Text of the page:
News & Politics

How Were Inquiry Transcripts Classified?

House Intelligence Committee Chairman Adam Schiff, D-Calif., speaks during a news conference on Capitol Hill in Washington, Tuesday, Dec. 3, 2019. (AP Photo/Susan Walsh)

During the open hearings in the Impeachment Inquisition, Representative John Ratcliffe asked — several times — for the release of the closed-interview transcripts with Intelligence Community Inspector General Michael Atkinson. His request was refused: Representative Adam Schiff, the current chair of the House Special Committee on Intelligence (HPSCI) had classified the transcript SECRET.

This made me curious: how were they classified?

Under U.S. law, classification is normally under the authority of the president. The mechanism that establishes classification is normally drawn from Executive Order 13526. I’ve written a lot about classification in the past, so I won’t reprise it here — read my old articles about the hack of the government personnel system, about the Snowden espionage, and about Hillary Clinton’s multiple problems with classified data — but the gist of the process is that the original authority for classification comes from the president under his Article II powers. Under the EO, the president then delegates power to original classification authorities who are responsible for ensuring that they and their staffs are classifying material correctly, and treating it properly.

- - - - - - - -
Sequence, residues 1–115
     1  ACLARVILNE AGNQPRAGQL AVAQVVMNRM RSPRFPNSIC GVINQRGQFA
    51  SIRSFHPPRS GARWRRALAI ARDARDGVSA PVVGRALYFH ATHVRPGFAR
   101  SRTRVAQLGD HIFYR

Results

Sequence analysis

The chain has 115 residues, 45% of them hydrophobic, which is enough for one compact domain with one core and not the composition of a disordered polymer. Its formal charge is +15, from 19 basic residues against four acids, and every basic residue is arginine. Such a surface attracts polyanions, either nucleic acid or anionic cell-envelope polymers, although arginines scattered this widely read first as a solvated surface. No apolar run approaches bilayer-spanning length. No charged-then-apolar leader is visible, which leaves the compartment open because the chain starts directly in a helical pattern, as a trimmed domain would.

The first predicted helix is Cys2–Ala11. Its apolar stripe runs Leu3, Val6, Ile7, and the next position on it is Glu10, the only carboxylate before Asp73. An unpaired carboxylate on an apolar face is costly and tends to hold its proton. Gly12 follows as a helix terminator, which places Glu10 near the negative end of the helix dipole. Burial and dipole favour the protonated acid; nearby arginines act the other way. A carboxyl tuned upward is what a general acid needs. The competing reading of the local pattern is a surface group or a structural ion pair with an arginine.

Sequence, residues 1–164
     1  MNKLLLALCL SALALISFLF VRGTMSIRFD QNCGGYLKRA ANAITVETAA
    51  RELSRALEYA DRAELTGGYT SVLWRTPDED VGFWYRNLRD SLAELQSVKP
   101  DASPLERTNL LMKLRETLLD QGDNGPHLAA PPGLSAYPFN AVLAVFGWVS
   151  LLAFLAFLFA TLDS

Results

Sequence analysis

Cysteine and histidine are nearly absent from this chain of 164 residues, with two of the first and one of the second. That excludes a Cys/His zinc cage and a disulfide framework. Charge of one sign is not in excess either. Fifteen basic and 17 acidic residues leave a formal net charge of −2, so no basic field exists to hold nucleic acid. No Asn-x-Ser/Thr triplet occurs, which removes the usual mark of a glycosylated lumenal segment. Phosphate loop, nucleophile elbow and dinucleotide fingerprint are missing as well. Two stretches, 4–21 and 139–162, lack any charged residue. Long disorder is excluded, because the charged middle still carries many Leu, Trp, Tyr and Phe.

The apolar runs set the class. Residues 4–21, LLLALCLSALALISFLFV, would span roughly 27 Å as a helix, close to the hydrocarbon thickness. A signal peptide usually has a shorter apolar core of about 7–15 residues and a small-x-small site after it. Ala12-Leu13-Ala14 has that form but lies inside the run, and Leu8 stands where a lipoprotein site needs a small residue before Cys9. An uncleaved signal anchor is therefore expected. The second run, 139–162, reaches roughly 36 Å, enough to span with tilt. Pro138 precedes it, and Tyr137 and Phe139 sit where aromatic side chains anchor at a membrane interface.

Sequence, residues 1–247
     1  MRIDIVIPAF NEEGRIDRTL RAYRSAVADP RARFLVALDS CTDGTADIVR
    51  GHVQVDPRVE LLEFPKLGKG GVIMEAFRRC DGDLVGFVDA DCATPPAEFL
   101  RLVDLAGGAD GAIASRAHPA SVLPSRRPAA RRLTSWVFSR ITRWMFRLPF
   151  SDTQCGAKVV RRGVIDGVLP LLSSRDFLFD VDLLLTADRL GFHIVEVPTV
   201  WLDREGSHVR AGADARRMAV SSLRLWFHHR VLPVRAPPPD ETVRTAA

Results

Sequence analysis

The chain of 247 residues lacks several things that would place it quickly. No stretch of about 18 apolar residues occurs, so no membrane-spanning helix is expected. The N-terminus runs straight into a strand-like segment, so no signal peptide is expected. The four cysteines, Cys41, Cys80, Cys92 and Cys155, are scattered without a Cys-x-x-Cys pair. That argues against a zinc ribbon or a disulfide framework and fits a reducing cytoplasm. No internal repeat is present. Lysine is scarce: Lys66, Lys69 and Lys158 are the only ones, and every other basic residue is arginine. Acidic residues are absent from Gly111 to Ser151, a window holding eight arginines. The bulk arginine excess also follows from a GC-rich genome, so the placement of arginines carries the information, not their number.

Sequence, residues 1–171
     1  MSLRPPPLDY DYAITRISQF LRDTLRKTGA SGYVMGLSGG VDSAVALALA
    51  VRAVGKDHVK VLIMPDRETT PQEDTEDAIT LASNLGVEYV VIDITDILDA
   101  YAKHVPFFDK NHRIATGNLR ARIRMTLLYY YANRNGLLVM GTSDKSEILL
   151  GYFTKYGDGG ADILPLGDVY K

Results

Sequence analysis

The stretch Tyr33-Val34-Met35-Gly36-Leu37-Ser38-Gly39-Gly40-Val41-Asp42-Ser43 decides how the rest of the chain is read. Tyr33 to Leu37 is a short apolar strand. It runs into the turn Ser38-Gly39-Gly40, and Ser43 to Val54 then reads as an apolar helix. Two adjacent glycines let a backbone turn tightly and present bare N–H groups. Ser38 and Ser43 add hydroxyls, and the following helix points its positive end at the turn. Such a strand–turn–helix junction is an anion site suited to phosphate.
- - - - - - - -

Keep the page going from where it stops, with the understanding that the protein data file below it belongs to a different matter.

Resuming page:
For example, the material in Hillary Clinton’s emails originated in the Department of State; the secretary of State is the original classification authority as delegated this power by the president, and is personally responsible for ensuring the right processes are followed. And yeah, I’m beating this moribund equine a bit, but I’m still cranky that Hillary got away with it, or has gotten away with it so far.

In any case, this discussion of Schiff classifying this transcript SECRET to prevent it from being released struck me odd. Is the classification under EO 13526? If so, the president can declassify it with a one-line letter.

I can think of lots of reasons why Trump wouldn’t do it, such as the high-level moaning and screaming becoming a sideshow. But I was still curious, so I emailed Radcliffe’s office.

It appears that I’m not the only one asking. Radcliffe’s office gave me this statement: “Minority members were advised by the House Permanent Select Committee’s majority staff that the ICIG’s testimony had been marked secret. No other details were provided.”

Adam Schiff’s office isn’t answering the phone today and they don’t provide an email address, so I’ve so far been unable to follow up on this. (I imagine that this has been a very hard day in that office.)

My curiosity is hardly reduced by this. If the transcripts are classified under the authority of EO 13526, then they can be declassified the same way. If not, then under what authority are they classified?